The vertical distribution of soil organic carbon and its relation to climate and vegetation
Authors: JobbÃ¡gy EG, Jackson RB
.As the largest pool of terrestrial organic carbon, soils interact strongly with atmospheric composition, climate, and land cover change. Our capacity to predict and ameliorate the consequences of global change depends in part on a better understanding of the distributions and controls of soil organic carbon (SOC) and how vegetation change may affect SOC distributions with depth. The goals of this paper were to 1) examine the association of SOC content with climate and soil texture at different soil depths, 2) test the hypothesis that vegetation type, through patterns of allocation, is a dominant control on the vertical distribution of SOC, and 3) estimate global SOC storage to three meters, including an analysis of the potential effects of vegetation change on soil carbon storage. We based our analysis on > 2000 soil profiles in three global databases supplemented with data for climate, vegetation, and land use.
Plant functional types significantly affected the vertical distribution of SOC. The proportion of SOC in the top 20 cm (relative to the first meter) was 33%, 42%, and 50% on average for shrublands, grasslands, and forests, respectively. In shrublands, the amount of SOC in the second and third meters was 77% of that in the first meter, while in forests and grasslands the totals were 56% and 43%. Globally the relative distribution of SOC with depth had a slightly stronger association with vegetation than with climate, but the opposite was true for the absolute amount of SOC. Total SOC content increased with precipitation and clay content and decreased with temperature. The importance of these controls switched from climate in shallow layers to clay content in deeper layers, possibly due to increasing proportions of slower cycling SOC fractions at depth. To control for the effects of climate on vegetation, we grouped soils within climatic ranges and compared distributions for vegetation types within each range. The proportion of SOC in the top 20 cm relative to the first meter varied from 29% in cold arid shrublands to 57% in cold humid forests, and, for a given climate, was always deepest in shrublands, intermediate in grasslands, and shallowest in forests (P<0.05 in all cases). The effect of vegetation type was more important than the direct effect of precipitation in this analysis. These data suggest that shoot/root allocation combined with vertical root distributions alter the distribution of SOC with depth.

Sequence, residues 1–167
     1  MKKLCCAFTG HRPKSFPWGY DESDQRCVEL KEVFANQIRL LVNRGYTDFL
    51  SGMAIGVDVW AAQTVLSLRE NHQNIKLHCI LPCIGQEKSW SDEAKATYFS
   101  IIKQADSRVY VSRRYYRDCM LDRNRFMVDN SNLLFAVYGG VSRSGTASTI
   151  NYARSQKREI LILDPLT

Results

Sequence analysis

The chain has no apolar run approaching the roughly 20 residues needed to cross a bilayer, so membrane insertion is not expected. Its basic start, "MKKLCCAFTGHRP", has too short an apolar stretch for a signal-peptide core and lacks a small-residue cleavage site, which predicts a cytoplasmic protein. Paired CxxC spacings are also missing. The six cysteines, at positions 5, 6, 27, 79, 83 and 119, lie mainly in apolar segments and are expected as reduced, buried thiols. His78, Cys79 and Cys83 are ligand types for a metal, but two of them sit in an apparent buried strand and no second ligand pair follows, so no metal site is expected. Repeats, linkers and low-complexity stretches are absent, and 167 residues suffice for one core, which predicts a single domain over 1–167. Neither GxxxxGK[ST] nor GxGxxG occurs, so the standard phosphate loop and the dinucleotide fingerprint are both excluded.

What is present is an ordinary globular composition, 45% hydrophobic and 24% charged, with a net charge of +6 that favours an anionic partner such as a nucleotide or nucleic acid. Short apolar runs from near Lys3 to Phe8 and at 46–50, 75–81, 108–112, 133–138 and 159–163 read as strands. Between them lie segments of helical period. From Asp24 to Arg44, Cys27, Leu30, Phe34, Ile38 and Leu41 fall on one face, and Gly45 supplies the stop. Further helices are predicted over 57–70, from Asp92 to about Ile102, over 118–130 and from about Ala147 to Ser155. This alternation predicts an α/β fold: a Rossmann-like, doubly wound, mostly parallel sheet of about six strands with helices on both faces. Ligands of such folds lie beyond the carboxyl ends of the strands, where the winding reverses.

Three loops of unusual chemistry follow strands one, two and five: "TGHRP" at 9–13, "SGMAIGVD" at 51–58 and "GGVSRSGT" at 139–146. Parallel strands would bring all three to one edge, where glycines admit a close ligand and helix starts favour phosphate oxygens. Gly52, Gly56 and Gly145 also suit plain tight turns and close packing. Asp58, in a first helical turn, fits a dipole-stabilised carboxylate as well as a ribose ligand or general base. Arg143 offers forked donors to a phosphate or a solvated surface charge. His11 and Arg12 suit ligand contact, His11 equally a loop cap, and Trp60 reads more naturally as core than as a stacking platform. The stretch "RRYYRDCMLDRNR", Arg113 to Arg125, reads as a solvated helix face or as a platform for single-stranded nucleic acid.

Global SOC storage in the top three meters of soil was 2344 Pg C, or 56% more than the 1502 Pg estimated for the first meter (and similar to 1500-1600 Pg estimates of other researchers). Global totals for the second and third meters were 491 and 351 Pg C, and the biomes with the most SOC at 1-3 m depth were tropical evergreen forests (158 Pg C) and tropical grasslands/savannas (146 Pg C).
Our work suggests that plant functional types, through differences in allocation, help control SOC distributions with depth in the soil; our analysis also highlights the potential importance of vegetation change and SOC pools for carbon sequestration strategies.